Muckenfuss v. Drew County Sheriff Office et al, No. 5:2016cv00023 - Document 119 (E.D. Ark. 2017)

Court Description: OPINION AND ORDER granting 113 Defendants' Motion for Summary Judgment; and dismissing, with prejudice, Muckenfuss's inadequate medical care and failure to train claims against Defendants. Signed by Magistrate Judge J. Thomas Ray on 12/21/2017. (kdr)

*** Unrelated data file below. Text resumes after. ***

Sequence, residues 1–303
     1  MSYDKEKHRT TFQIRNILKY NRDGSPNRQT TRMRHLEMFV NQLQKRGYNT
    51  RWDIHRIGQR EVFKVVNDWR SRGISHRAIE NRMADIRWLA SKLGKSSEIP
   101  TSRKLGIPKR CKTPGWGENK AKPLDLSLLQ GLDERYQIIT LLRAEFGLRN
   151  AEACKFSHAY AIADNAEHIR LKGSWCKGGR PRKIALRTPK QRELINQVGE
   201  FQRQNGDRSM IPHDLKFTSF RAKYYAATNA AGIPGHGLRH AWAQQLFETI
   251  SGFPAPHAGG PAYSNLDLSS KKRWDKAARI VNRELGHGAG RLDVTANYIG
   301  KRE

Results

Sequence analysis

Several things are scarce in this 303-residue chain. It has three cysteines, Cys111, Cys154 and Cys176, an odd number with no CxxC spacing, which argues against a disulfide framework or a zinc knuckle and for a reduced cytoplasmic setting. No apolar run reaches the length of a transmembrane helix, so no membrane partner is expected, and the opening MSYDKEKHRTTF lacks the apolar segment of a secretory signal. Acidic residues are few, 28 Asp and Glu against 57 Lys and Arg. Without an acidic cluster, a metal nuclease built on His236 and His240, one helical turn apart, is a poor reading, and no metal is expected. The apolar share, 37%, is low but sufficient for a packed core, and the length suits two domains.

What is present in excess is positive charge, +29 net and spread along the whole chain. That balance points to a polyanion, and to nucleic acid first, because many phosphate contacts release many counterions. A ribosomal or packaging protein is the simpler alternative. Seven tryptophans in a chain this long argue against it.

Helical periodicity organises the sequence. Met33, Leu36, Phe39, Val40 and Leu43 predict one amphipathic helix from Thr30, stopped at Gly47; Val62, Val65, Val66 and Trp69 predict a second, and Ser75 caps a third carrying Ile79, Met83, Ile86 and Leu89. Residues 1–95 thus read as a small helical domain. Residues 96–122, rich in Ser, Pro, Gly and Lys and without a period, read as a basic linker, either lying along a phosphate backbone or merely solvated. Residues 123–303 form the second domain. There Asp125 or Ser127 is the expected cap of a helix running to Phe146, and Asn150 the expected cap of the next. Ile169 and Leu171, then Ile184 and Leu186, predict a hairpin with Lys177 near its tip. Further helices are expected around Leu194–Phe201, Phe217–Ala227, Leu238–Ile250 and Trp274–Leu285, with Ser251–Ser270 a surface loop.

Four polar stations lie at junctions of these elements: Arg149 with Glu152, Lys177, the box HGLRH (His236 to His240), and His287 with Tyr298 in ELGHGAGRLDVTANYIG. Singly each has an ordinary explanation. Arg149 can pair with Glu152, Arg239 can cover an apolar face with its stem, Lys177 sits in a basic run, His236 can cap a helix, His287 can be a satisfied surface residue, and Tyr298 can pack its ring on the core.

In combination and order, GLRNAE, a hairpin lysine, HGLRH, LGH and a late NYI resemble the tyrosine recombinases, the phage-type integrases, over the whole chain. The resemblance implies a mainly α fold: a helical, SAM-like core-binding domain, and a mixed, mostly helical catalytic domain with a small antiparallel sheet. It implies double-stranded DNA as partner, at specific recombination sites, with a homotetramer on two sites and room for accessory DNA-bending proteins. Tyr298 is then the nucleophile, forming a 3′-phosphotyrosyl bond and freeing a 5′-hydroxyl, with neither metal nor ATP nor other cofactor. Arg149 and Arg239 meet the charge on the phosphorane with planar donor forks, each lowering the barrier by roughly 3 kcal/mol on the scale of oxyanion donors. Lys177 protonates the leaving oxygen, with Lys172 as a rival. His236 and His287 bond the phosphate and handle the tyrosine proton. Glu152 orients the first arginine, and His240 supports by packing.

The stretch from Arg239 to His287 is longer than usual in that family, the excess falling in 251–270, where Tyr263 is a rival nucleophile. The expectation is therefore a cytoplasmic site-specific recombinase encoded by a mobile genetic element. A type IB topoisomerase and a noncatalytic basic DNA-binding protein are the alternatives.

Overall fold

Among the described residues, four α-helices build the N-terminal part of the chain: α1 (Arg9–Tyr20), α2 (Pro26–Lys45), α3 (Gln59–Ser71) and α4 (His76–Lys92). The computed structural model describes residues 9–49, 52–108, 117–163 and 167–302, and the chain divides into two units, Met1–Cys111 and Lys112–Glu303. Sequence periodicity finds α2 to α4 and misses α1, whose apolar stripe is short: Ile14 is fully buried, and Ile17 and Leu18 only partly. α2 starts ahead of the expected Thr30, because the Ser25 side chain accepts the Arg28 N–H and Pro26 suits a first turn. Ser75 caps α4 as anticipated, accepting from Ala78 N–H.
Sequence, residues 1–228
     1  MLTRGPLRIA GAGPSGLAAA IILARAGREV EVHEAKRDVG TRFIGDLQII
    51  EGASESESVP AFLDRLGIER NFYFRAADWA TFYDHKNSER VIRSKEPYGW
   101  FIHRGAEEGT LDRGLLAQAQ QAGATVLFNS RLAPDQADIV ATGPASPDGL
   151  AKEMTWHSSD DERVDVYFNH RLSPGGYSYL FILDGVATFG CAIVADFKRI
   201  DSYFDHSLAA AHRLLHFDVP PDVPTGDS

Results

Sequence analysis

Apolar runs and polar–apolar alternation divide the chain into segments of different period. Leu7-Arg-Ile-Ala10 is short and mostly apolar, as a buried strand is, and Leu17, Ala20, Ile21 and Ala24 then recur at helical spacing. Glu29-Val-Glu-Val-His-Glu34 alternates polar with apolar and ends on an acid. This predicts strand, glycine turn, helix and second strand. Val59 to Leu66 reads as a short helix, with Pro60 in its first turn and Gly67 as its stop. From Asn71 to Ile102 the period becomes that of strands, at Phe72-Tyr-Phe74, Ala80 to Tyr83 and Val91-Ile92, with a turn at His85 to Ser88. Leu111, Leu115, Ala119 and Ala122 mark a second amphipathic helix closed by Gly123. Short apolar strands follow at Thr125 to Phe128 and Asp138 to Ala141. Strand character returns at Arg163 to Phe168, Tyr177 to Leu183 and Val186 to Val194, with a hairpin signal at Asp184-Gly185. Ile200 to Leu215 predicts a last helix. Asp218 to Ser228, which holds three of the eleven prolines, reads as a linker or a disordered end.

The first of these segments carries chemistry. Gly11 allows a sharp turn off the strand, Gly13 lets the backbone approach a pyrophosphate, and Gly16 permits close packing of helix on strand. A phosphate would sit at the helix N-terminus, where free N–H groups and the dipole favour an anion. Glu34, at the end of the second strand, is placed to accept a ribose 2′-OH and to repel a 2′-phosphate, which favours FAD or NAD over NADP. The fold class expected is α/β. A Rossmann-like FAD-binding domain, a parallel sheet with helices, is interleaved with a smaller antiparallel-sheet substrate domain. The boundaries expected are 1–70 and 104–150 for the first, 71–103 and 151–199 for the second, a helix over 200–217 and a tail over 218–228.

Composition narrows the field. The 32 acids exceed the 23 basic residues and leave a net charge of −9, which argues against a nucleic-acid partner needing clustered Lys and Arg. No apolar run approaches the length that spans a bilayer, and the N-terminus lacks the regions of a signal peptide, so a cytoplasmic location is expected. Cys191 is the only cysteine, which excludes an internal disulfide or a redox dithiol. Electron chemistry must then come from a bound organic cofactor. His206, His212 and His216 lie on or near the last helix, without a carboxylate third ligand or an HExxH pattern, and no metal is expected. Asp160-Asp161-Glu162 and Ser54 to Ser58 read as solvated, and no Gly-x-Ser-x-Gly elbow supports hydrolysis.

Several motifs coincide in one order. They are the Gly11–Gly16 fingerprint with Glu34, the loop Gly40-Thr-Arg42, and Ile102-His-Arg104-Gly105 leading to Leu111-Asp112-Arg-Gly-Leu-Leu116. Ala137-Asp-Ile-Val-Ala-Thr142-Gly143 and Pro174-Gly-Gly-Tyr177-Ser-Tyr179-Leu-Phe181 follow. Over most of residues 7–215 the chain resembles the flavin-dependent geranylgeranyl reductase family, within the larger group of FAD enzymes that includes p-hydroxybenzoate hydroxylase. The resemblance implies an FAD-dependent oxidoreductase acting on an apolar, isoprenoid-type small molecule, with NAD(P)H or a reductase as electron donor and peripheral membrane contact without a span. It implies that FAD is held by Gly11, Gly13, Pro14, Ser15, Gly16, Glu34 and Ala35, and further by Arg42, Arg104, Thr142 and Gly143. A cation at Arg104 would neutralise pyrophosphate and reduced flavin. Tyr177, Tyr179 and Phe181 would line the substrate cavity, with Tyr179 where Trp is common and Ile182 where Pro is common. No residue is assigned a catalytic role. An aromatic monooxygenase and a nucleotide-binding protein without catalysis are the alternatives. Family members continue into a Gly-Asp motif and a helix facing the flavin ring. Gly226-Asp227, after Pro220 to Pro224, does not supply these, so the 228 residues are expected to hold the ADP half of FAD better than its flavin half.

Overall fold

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Muckenfuss v. Drew County Sheriff Office et al Doc. 119 UNITED STATES DISTRICT COURT EASTERN DISTRICT OF ARKANSAS PINE BLUFF DIVISION WESLEE ALLEN MUCKENFUSS v. PLAINTIFF 5:16-CV-00023-JTR SCOTTY ARRINGTON, Deputy Jailer, et al. DEFENDANTS OPINION AND ORDER I. Introduction On January 25, 2016, Plaintiff Weslee Allen Muckenfuss (AMuckenfuss@) filed this pro se ' 1983 action alleging that, while he was a pretrial detainee in the Drew County Detention Center ("DCDC"), he was denied constitutionally adequate medical care. Doc. 2. Muckenfuss filed three Amended Complaints. Docs. 11, 51 & 66. After the initial screening required by 28 U.S.C. § 1915A(a) and subsequent preliminary rulings, Muckenfuss was permitted to proceed with his § 1983 claims against Scotty Arrington (“Arrington”), Daniel Durham (“Durham”), Chris Nunn (“Nunn”), Barbara Parnell (“Parnell”), Susan Potts (“Potts”), Alma Vincent (“Vincent”), Veronica Watson (“Watson”), (collectively “Defendants”), all 1 Dockets.Justia.com employees of the DCDC.1 All are sued in their individual capacities. Muckenfuss claims that the Defendants, other than Potts, unnecessarily delayed providing him with adequate medical care for injuries he allegedly sustained during an attack in his cell. His injuries included a broken nose, broken ribs, and a collapsed lung. He also asserts a failure-to-train claim against Potts, the jail administrator. Muckenfuss seeks $300,000 in damages. Defendants have filed a Motion for Summary Judgment, a Brief in Support, a Statement of Undisputed Facts, and a Reply. Docs. 113-115; 118. Muckenfuss has filed a Brief in opposition. Doc. 117. Before addressing the merits of Defendants’ Motion, the Court will summarize the relevant undisputed facts giving rise to Muckenfuss’s claims.2 1. On October 26, 2014, at 11:00 p.m., Muckenfuss, a pretrial detainee,3 1 On July 15, 2016, the parties consented to proceed before a United States Magistrate Judge. Doc. 57. 2 Summary judgment is appropriate when the record, viewed in a light most favorable to the nonmoving party, demonstrates that there is no genuine dispute as to any material fact, and the moving party is entitled to judgment as a matter of law. See Fed.R.Civ.P. 56(a); Celotex Corp. v. Catrett, 477 U.S. 317, 322-23 (1986); Anderson v. Liberty Lobby Inc., 477 U.S. 242, 249-50 (1986). The moving party bears the initial burden of demonstrating the absence of a genuine dispute of material fact. Celotex, 477 U.S. at 323. Once that has been done, the nonmoving party must present specific facts demonstrating that there is a material dispute for trial. See Fed R. Civ. P. 56(c); Torgerson v. City of Rochester, 643 F.3d 1031, 1042 (8th Cir. 2011). 3 It appears Muckenfuss was a pre-trial detainee at the time his inadequate medical care claim arose. Currently, the Eighth Circuit applies the same deliberate indifference standard to an inadequate medical care brought by a pretrial detainee, under the Fourteenth Amendment, or a convicted prisoner, under the Eighth Amendment. See Vaughn v. Greene County, Ark., 438 F.3d 845, 850 (8th Cir. 2006). In Ingram v. Cole Cnty, 846 F.3d 282 (8th Cir. 2017), the Eighth Circuit recently heard arguments, en banc, as to whether the deliberate indifference standard still applies 2 was injured while confined in a two-person cell.4 (Doc. 53). 2. At approximately 1:00 a.m., two hours after Muckenfuss was injured, jailers removed him from his cell and took him to the inmate visitation area for observation. Jail staff provided Muckenfuss with first aid, including an ice pack and ibuprofen. (Doc. 53 at p. 2; Doc. 114-3 at p. 4; Doc. 114-6 at ¶ 19-20; Doc. 114-3 at pp. 3-5). 3. Muckenfuss’s visible injuries included a bloody nose, a swollen face, and bleeding from his left ear. Muckenfuss complained to jail staff that he thought something was broken next to his nose, that his ribs were broken, and that he was having “a hard time breathing.” (Doc. 53 at p. 1). 4. In response to Muckenfuss’s complaints, jail staff called Administrator Potts and an ambulance. (Doc. 114-3 at pp. 5-6; Doc. 114-6 at ¶ 11-12). 5. At approximately 2:57 a.m., Muckenfuss was examined by EMT’s, to pretrial detainees in the light of the Supreme Court's holding in Kingsley v. Hendrickson, 135 S.Ct. 2466 (2015). However, as of the date of this Recommendation, no opinion has been entered in the Ingram case. 4 The Court assumes, for purposes of the present motion, that Muckenfuss’s cellmate beat him up. Muckenfuss gave conflicting stories about how he was injured. He told jail staff that he fell from his bunk. It was not until he arrived at the hospital that he reported that his cellmate beat him up. Accordingly, as Defendants point out, it is unclear how Muckenfuss actually was injured. The cause for Muckenfuss’s injuries is not relevant to the narrow question before the Court: Did Muckenfuss received constitutionally adequate medical care for his injuries, regardless of the circumstances that led to those injuries? It also is unnecessary to address Muckenfuss’s continuing references being left “unprotected” from his cellmate, who allegedly beat him up. Muckenfuss’s failure to protect claim was dismissed at the initial screening stage. (Docs. 14 and 20). Thus, no failure to protect claim is before the Court. 3 who instructed jail staff to keep a “close watch” on Muckenfuss. However, they did not take Muckenfuss to the hospital.5 (Doc. 114-3 at p. 5; Doc. 117 at p. 2). 6. Through the rest of the evening and into the next day, Muckenfuss’s nose continued to bleed, and he continued to complain to jail officials about his injuries. (Doc. 117 at p. 3). 7. At approximately 12:45 p.m. on October 27, 2014, jail officials took Muckenfuss to the Mainline Medical Clinic for a medical appointment that Potts had scheduled for him. Muckenfuss was examined and x-rays were taken. The nurse practitioner who initially examined the x-rays advised that she could not see “anything wrong” but would have someone else examine the x-rays. She permitted Muckenfuss to return to the DCDC. (Doc. 114-4 at p. 4; Doc. 114-6 at ¶¶ 13-14). 8. At approximately 3:05 p..m., Muckenfuss returned to the DCDC from his appointment at the Mainline Medical Clinic. (Doc. 114-4 at p. 4). 9. At approximately 5:45 p.m., jail officials received a telephone call from the Mainline Medical Clinic advising that further review of Muckenfuss’s x-rays showed “something ruptured” and he needed to be taken to the hospital. At approximately 7:05 p.m., after arranging for transportation, jail officials took 5 Muckenfuss contends that Officer Arrington “sent the paramedics away” which prevented them from transporting him to the hospital and delayed his receipt of medical treatment for his injuries. (Doc. 117 at p. 2). Defendants dispute this. Since Muckenfuss has failed to present any evidence that the alleged delay in treatment impacted his condition or recovery, it is not necessary to resolve this factual dispute. 4 Muckenfuss to the Drew County Memorial Hospital, where he received further treatment for his injuries, including a surgical procedure to repair a collapsed lung. (Doc. 114-6 at ¶¶ 15-17; Doc. 117 at p. 2; Doc. 114-5 at pp. 1-2). 10. Following his surgery, Muckenfuss was transferred to Pine Bluff Jefferson Hospital, where he stayed three days before being released. (Doc. 117 at p. 3). II. Discussion Defendants argue that they are entitled to summary judgment on all claims Muckenfuss has asserted against them. The Court agrees. To proceed to trial on his inadequate medical care claims, Muckenfuss must have evidence demonstrating that: (1) he had an objectively serious need for medical care to treat his injuries; and (2) one or more of the Defendants subjectively knew of, but deliberately disregarded, that serious medical need by delaying his medical treatment. See Saylor v. Nebraska, 812 F.3d 637, 644 (8th Cir. 2016); Langford v. Norris, 614 F.3d 445, 460 (8th Cir. 2010). Deliberate indifference, which goes well beyond negligence or gross negligence, “requires proof of a reckless disregard of the known risk.” Moore v. Duffy, 255 F.3d 543, 545 (8th Cir. 2001). In other words, “there must be actual knowledge of the risk of harm, followed by deliberate inaction amounting to callousness.” Bryan v. Endell, 141 F.3d 1290, 1291 (8th Cir. 1998). 5 Additionally, because Muckenfuss’s inadequate medical care claims are all rooted in the contention that Defendants, none of whom are medical care providers, delayed him receiving the medical treatment he needed, Muckenfuss must provide evidence to demonstrate he was harmed by the alleged delay in treatment. Jackson v. Riebold, 815 F.3d 1114, 1120-21 (8th Cir. 2016); Gibson v. Weber, 433 F.3d 642, 646-47 (8th Cir. 2006) (explaining that, to avoid summary judgment on a delay in medical care claim, an inmate must place verifying medical evidence in the record to establish the detrimental effect of the alleged delay in medical treatment); Crowley v. Hedgepeth, 109 F.3d 500, 502 (8th Cir. 1997) (same). Thus, Muckenfuss must show Defendants were aware of but ignored a critical or escalating medical situation, or that the delay adversely affected the inmate’s prognosis. Muckenfuss has failed to produce any evidence demonstrating that any Defendant was deliberately indifferent to his need for medical treatment. To the contrary, it is undisputed that: (1) within two hours of being injured, jail officials removed Muckenfuss from his cell and placed him in inmate visitation for observation; (2) jail officials offered him first aid, including ice and ibuprofen; (3) jail officials notified Administrator Potts and called for an ambulance and EMT personnel to examine Muckenfuss; (4) approximately four hours after he was injured, Muckenfuss was examined by EMT’s; (5) after that initial examination, Administrator Potts made a doctor’s appointment for Muckenfuss; (6) at 12:45 6 p.m. on October 27th, approximately 14 hours after he was injured, Muckenfuss was taken to a medical clinic where he was examined and x-rays were taken; (7) the nurse practitioner at the medical clinic, who examined Muckenfuss and preliminarily reviewed his x-rays, made the preliminary decision to return him to the DCDC; (8) at approximately 5:45 p.m., jail officials were notified that upon further review of the x-rays, a physician had determined that Muckenfuss needed to be taken to the Drew County Memorial Hospital for internal injuries; and (6) at approximately 7:07 p.m. jail officials transported Muckenfuss to the hospital, where he underwent a successful surgical procedure to repair a collapsed lung. Thus, the undisputed evidence shows that jail officials took prompt action to ensure that Muckenfuss received medical attention. While Muckenfuss subjectively believes that Defendants did not act promptly enough, this is not sufficient to create a material factual dispute for trial. Based on the undisputed facts, there simply is no evidence to permit a jury to find that any Defendant was deliberately indifferent to a known medical need or that they caused a delay in treatment which adversely affected Muckenfuss’s recovery. Muckenfuss’s collapsed lung, the cause of his breathing difficulties, could not have been discovered by jail staff without assistance from medical professionals. In fact, the nurse practitioner who examined Muckenfuss at the medical clinic and reviewed his x-rays did not detect that he had a collapsed lung. Instead, she 7 determined, in her professional medical judgment, that it was appropriate for Muckenfuss to return to the DCDC. Thus, the seriousness of Muckenfuss’s medical condition was not known to Defendants until approximately 5:45 p.m. on October 27, 2014, when they received a phone call from the Mainline Medical Clinic advising that a physician had determined that Muckenfuss needed to go to the hospital. Within one and one-half hours of learning about Muckenfuss’s need for further medical attention, Muckenfuss was on his way to the hospital. While Muckenfuss complains about not being taken to the hospital sooner, he does not contend that the brief delay in treatment adversely affected his prognosis. Nor is there any evidence in the record to support such a contention. Muckenfuss refers to missing surveillance video or audio, which he says would have provided evidence that he “had a serious medical need.” He faults Potts for losing such evidence and for failing to take pictures of his injuries. Doc. 117 at p. 4. No one disputes that Muckenfuss had a “serious medical need.” The issue is whether any of the Defendants were aware of that need and then deliberately disregarded it. Muckenfuss fails to explain how a video or pictures would have revealed his internal injuries, which were not visible to the naked eye. Nor does he explain how surveillance video or audio, if available, would assist him in proving his claims of deliberate indifference and failure to train. Thus, he has not offered any evidence that he was prejudiced by the alleged failure to preserve surveillance 8 video or audio. Finally, there is no evidence that Defendants acted in bad faith in failing to preserve such evidence. See, e.g., Hallmark Cards v. Murley, 703 F.3d 456, 460 (8th Cir. 2013) (to support a spoliation instruction, court must find that: (1) the destroying party acted in bad faith in failing to preserve evidence; and (2) the opposing party was prejudiced by the failure); Sherman v. Rinchem Co., 687 F.3d 996, 1006-07 (8th Cir. 2012) (emphasizing that, under federal law, spoliation cannot be based on a negligent failure to preserve evidence). Thus, spoliation is not an issue in this case. Even giving Muckenfuss the benefit of all doubt, at best, his allegations only support a claim that jail officials were arguably negligent in not getting him medical treatment sooner. Claims of negligence fail to satisfy the higher deliberate indifference standard required to find a constitutional violation. See Williams v. Kelso, 201 F.3d 1060, 1065 (8th Cir. 2000) (“At best, plaintiff's proof in this appeal amounts to negligent conduct, not deliberate or willful conduct on [the jailors’] part.”); Olson v. Bloomberg, 339 F.3d 730 (8th Cir. 2003) (“deliberate indifference is akin to criminal recklessness, which demands more than negligent misconduct.”). Muckenfuss’s remaining claim against Potts, for failing to adequately train jail officials to respond to his medical needs, also fails as a matter of law. A plaintiff cannot proceed with a failure to train claim when there has been no underlying constitutional violation. Carpenter v. Gage, 686 F.3d 644, 651 (8th Cir. 2012). 9 Thus, Muckenfuss’s failure to present evidence to create a submissible jury question on his inadequate medical care claim is also dispositive of his failure to train claim. III. Conclusion Muckenfuss has not produced any evidence of deliberate indifference by Defendants Arrington, Durham, Nunn, Parnell, Potts, Vincent, and Watson in the way they provided Muckenfuss with medical treatment for his injuries. Accordingly, Defendants are entitled to summary judgment. IT IS THEREFORE ORDERED THAT Defendants’ Motion for Summary Judgment (Doc. 113) be, and it is hereby, GRANTED, and Muckenfuss’s inadequate medical care and failure to train claims against Defendants are DISMISSED, WITH PREJUDICE. Dated this 21st day of December, 2017. ___________________________________ UNITED STATES MAGISTRATE JUDGE 10